According to Shelley, “we’ve talked about redoing the truck and changing the artwork. But now, we’ve got our grandkids coming to live with us and the murals on this truck are part of their childhood memories, so it will be tough to make a change.”

Land Line reader Austin Ashley’s feet may not hit the ground for another couple of months. The young man from Raleigh, Miss., not only earned his first National Champion Limited Mileage Bobtail title, but he was also awarded Truckers’ Choice with thousands of votes cast online for the public’s favorite truck.

Ashley took home his first Best of Show at his very first show in Dallas in 2012 with his 2007 purple and white Peterbilt 379, and he’s been trying to hit the top spot again since then.

Ashley will be hearing wedding bells in October instead of competing at the PDI Customer Appreciation and Dyno Event in St. George, Utah. “I thought I had the dates figured so I could do both, but I think I’d better stick with the plan and get married,” he said. Smart man.

Opening the 2014-2015 Pride & Polish Truck Championship season makes heads turn. The first of five qualifying shows leading to next year’s National Championship event began with some big, bold and beautiful trucks.

Lil Ray Rodriguez, who is always a tough competitor, brought three spectacular trucks to town. He has a ready smile and a warm greeting for everyone he meets. His latest Best of Show Limited Mileage Combo is a shiny 2015 lavender and purple Peterbilt 378, pulling a 2015 Western step deck, named “Wicked.”

Old school updated is elevated to the level of art when Jerry Kissinger does it. His newest old truck, a 1978 black cherry Mack Superliner is the result of thousands of hours of effort, showcasing his love of trucks, family and skills as a builder. “My brother, Jack and I worked on trucks together and separately,” Kissinger explained. Jack passed away earlier this year. “He would have been proud of the way this one turned out.” Visibly emotional when he was awarded Best of Show – Limited Mileage Bobtail, Kissinger and wife Kay talked about the project. “I started with two frame rails and built it up from there. There isn’t any piece of this truck I haven’t personally handled.”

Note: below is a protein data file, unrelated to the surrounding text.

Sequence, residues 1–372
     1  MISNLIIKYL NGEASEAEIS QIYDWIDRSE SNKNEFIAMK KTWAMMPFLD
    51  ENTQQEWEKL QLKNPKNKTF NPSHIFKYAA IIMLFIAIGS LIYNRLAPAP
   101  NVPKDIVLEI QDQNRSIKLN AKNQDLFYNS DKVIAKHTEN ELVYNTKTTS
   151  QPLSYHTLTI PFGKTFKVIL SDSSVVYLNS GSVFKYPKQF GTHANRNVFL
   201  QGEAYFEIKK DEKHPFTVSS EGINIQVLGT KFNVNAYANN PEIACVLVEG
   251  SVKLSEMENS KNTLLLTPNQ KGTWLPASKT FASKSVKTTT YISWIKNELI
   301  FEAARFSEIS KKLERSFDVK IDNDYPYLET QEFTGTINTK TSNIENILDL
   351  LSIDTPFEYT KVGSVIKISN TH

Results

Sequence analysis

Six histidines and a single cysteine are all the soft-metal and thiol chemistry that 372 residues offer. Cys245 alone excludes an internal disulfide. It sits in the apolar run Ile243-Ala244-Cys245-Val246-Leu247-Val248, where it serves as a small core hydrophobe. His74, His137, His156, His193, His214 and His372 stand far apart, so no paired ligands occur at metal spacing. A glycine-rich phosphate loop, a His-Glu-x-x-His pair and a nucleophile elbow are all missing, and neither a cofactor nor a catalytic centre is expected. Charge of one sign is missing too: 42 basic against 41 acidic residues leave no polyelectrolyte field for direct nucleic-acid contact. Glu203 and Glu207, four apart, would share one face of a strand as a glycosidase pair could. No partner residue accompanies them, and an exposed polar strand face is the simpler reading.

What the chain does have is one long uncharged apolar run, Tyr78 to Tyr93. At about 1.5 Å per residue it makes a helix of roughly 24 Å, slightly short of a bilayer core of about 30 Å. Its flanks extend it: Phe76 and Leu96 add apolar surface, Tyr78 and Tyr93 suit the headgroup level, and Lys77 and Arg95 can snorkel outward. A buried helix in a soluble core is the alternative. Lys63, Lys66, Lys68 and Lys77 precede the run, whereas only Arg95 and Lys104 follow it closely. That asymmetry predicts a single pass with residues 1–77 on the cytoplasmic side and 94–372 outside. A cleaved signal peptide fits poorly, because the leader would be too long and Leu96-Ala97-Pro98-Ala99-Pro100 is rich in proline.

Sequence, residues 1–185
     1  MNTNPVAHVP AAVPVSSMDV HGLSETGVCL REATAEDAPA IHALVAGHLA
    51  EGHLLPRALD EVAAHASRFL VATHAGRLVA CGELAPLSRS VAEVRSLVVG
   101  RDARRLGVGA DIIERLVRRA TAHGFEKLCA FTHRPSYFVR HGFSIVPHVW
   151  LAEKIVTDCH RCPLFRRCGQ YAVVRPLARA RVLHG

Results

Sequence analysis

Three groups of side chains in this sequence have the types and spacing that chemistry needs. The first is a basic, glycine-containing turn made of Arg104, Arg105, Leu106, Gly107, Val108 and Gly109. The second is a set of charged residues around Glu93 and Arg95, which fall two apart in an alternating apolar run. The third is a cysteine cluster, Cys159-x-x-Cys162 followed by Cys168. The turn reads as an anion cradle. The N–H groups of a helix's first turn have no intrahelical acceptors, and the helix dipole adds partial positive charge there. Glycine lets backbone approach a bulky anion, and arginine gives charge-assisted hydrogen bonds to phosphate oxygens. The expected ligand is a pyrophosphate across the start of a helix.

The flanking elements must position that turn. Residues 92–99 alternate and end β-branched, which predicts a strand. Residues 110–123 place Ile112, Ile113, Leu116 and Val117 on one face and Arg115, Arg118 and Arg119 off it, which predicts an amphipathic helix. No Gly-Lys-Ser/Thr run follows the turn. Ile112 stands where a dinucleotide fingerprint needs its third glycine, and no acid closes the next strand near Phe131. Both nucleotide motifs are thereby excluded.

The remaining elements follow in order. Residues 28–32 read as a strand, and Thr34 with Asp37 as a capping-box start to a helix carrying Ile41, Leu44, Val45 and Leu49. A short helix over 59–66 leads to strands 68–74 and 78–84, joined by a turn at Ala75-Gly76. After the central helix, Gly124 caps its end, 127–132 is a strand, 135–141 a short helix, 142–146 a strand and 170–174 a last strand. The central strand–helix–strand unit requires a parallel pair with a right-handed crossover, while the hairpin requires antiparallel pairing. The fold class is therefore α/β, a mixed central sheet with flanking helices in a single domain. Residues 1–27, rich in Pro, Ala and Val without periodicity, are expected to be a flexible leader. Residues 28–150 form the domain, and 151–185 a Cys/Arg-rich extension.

Best of Show Working Combo was won by Greenville, Texas, native Dustin Pope. His 2003 red Kenworth W900L and 2010 Utility reefer, muraled to tell stories of his dad and his heritage have wowed crowds and won fans since it debuted at GATS in 2012.

If you hear the sound of a cat purring, take a look around. It just might be OOIDA Member Mike Lemley’s 2000 red Peterbilt 379. Named Cathouse, this truck has more than the cat’s meow driving it down the road. He’s hanging on to the Best of Show Working Bobtail trophy he earned with this lit-up and dressed-to-impress ride. Lemley hails from Mustang, Okla.

At the end of the show is the parade of trucks as they exit from the convention center. For the Pride & Polish participants, it’s the trip to the next dock, ready to pick up that load going somewhere down the road.

The circus moves on, leaving smiles and good memories behind. The brooms are busy, no elephants today.